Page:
Opening Speech to the First World Congress of Free Artists in Alba, Italy
Translated by Thomas Y. Levin
We have organized a Congress here. Why? What reason can there be for artists, the freest, most independent people in society people who live like "the lily of the field" to come together, organize themselves, and undertake theoretical discussions?
"Create, artist, do not speak." This speech has been made to us all too often by people who claim to speak for us, think for us and act for us: politicians, intellectuals, industrialists, teachers, art critics and others. And we have always been betrayed.
I create, I think and I speak. But all thought does not exit from the mouth: man's entire body thinks, and the entire body speaks, too. We speak with gestures as well as with the tongue, and, like the dancer and the musician, the painter speaks with gestures that he imprints on matter that is independent of him. It is this transmission of the gesture that we call pictorial creation. In our language the artist can express himself thus: "I don't seek, I don't find, I create."
This explanation shows that the artist has no need to express himself in a language that is not that of his art, and that any attempt at theorization is indeed a waste of time and energy. This would apparently seem to mean that our Congress is totally useless. Unfortunately, it isn't: the reason why the artist is today obliged to speak out is not that the public demands a literary explanation of a certain kind of artistic creation, it is that it always gets false ones.
Art critics who claim that painting cannot be explained in musical terms have no scruples about explaining music as painting in literary terms. The very existence of criticism seems to have established its raison d'etre; and, if we denounce this lack of logic, it is not to have done with it nor to take its place, but to put ourselves on guard against confusionist practices, and to indicate the way toward a more precise and sounder basis. The error of the first Bauhaus was encapsulated in the motto of the Staatlichen Baushauses Weimar Manifesto: ARCHITECTS, SCULPTORS, PAINTERS: WE MUST ALL GO BACK TO BEING ARTISANS.
This motto had a certain pertinence in its time, perhaps, but today, on the contrary, the artisanal has become an insignificant realm in comparison to that of industry and that of free art.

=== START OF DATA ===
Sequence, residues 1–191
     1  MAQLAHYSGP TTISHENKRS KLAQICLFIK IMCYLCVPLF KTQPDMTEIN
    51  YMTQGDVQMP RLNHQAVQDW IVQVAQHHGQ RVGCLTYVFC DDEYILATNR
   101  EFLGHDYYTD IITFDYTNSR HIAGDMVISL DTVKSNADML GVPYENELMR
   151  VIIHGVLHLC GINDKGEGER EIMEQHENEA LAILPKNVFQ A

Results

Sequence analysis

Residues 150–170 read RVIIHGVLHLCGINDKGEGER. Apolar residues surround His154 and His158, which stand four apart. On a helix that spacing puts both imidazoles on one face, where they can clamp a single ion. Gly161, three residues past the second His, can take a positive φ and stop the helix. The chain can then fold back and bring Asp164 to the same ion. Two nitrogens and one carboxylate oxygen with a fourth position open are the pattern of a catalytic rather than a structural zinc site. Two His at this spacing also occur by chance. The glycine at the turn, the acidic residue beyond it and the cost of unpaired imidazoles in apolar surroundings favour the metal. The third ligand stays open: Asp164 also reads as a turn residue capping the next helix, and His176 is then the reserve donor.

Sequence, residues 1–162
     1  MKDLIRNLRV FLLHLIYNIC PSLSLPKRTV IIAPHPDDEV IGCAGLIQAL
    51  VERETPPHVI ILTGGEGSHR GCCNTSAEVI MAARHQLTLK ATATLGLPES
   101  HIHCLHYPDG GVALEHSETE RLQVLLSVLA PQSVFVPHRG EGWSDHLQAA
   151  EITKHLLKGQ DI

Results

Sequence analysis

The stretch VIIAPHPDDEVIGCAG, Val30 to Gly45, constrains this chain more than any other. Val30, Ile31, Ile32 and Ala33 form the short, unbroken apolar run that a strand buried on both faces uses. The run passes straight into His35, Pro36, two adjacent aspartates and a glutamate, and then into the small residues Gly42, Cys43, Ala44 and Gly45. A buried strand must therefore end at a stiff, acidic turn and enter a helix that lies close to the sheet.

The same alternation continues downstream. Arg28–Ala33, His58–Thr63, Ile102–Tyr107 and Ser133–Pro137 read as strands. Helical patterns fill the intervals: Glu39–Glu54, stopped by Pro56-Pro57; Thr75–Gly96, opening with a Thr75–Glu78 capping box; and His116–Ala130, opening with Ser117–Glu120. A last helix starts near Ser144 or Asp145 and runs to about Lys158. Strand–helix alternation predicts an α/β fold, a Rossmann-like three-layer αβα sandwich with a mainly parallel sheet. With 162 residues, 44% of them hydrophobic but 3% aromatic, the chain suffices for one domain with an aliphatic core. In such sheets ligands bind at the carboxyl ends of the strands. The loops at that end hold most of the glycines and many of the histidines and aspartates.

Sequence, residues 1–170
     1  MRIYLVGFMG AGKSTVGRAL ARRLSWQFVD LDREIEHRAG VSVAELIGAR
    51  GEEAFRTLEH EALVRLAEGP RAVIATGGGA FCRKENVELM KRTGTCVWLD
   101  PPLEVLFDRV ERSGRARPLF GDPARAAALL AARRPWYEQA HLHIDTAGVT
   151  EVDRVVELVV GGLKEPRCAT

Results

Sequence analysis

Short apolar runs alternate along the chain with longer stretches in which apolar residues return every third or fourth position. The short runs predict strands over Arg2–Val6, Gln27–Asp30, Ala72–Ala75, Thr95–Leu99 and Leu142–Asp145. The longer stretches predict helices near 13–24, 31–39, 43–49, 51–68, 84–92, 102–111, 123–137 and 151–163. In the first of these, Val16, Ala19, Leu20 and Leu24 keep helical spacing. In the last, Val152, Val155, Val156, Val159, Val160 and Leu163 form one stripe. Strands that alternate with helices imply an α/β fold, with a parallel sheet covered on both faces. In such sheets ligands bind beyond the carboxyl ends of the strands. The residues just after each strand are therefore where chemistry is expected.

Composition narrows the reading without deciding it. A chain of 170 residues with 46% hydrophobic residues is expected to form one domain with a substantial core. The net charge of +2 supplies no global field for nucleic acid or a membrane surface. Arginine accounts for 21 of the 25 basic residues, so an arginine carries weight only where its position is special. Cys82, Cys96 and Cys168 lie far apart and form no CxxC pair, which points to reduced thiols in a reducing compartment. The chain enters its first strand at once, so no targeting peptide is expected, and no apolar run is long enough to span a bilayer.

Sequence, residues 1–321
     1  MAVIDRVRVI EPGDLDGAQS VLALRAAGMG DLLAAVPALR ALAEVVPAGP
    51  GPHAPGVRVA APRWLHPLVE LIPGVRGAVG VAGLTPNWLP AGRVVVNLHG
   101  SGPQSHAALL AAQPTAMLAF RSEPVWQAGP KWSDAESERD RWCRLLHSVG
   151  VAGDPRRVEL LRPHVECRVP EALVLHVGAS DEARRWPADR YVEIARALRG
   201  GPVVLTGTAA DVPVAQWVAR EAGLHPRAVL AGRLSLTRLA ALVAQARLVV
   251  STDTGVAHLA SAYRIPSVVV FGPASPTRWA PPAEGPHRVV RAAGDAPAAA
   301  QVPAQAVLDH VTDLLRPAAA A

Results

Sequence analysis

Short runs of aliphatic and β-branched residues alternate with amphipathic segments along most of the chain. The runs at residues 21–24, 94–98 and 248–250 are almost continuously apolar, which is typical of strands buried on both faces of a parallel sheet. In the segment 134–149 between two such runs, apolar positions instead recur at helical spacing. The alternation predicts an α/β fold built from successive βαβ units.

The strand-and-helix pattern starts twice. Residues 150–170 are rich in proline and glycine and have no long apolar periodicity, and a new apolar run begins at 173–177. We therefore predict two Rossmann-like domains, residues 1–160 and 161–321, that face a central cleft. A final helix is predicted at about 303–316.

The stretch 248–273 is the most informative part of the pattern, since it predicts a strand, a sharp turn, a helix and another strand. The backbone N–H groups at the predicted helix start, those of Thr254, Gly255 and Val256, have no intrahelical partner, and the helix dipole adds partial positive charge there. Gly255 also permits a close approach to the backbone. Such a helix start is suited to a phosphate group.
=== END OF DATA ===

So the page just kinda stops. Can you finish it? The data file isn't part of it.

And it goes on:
The first Bauhaus was the logical transformation of the craft schools that had sprung from the academies. It's true task was not only to replace the craft schools but those devoted to fine art as well. The error that led to its failure was that it recoiled from the struggle against the organization of the academies which, contrary to the scientific faculties of the universities, have remained purely speculative and formalist enterprises.
This failure was manifested most strikingly in the hostile attitude of the first Bauhaus to the experiments of the painter van Doesburg and the Dutch group de Stijl, an error compounded still further by the heads of the new Bauhaus at Ulm who, in response to our attempts at rapprochement, suggested collaboration with the fine art academies, the latter being, in their opinion, abreast of the problems that are imposed on art today a notion that is clearly as aberrant as it is habitual.
On the contrary, we who are faithful to the ideas of Gropius and Le Corbusier are convinced that contemporary academicism is worse than it ever was in this domain. In the review Eristica, we clearly demonstrate the reasons for their inevitable failure, and we insist on the fact that the resolution of the basic problems of the first Bauhaus depends on the supersession of academicism in the realm of the fine arts, which is confronted with the supersession of the artisanal by the industrial world.
It would be a big mistake to class us amonmg the anti-academic autodidacts. We are neither against the craft schools nor the fine art academies, as primary and even secondary schools. That is not our concern. We merely wish to state that world-wide progress in the realms of art and technology has resulted in so much formal confusion that the founding of an INSTITUTE OF ARTISTIC EXPERIMENT AND THEORY, on a par with the scientific institutes, beyond professional, artistic or industrial problems of an academic kind, imposes itself with enormous urgency. The founding of the Institute is our precise and direct aim.
The banner of the artistic Avant-Garde has always seemed suspect to me. Extremism is usually an empty attitude. I've always speedily distanced myself from those who walk around with the medal of the avant-garde on their breast, and yet it has never interested me to go forward without being able to go to the extreme. I've always tried to make the closest contact with the people and the intellectual milieu in general. For this reason, it's a great disappointment to me to have to recognise that our movement has reached a stage where only the name of an avant-garde movement can be applied to it.
There are two conditions that apply for a movement to be called avant-garde. In the first place, it must be isolated, without direct support from the established order, and given over to an apparently impossible and useless struggle. I think everybody will recognise that our movement exactly fulfills this first condition.
Next, the struggle of this group must be of essential importance for the forces in whose name it struggles in our case, human society and artistic progress and the position conquered by this avant-garde must later be confirmed by a more general development.
It is only in the future that we will be able to find precise justification of the prior condition. This yet remains in the realm of hope and belief, even if numerous expressions of sympathy, and our own certainty of the merits of our enterprise, give us an assurance of its success.